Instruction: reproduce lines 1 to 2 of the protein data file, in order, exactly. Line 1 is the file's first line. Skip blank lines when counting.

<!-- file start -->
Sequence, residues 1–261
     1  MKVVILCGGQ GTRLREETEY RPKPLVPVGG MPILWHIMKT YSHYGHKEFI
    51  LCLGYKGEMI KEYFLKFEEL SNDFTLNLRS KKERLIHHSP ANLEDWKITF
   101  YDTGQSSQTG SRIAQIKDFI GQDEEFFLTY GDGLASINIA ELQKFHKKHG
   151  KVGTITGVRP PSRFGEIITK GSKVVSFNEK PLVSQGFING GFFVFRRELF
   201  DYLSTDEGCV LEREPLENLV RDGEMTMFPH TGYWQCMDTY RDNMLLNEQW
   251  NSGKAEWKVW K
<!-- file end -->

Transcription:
Sequence, residues 1–261
     1  MKVVILCGGQ GTRLREETEY RPKPLVPVGG MPILWHIMKT YSHYGHKEFI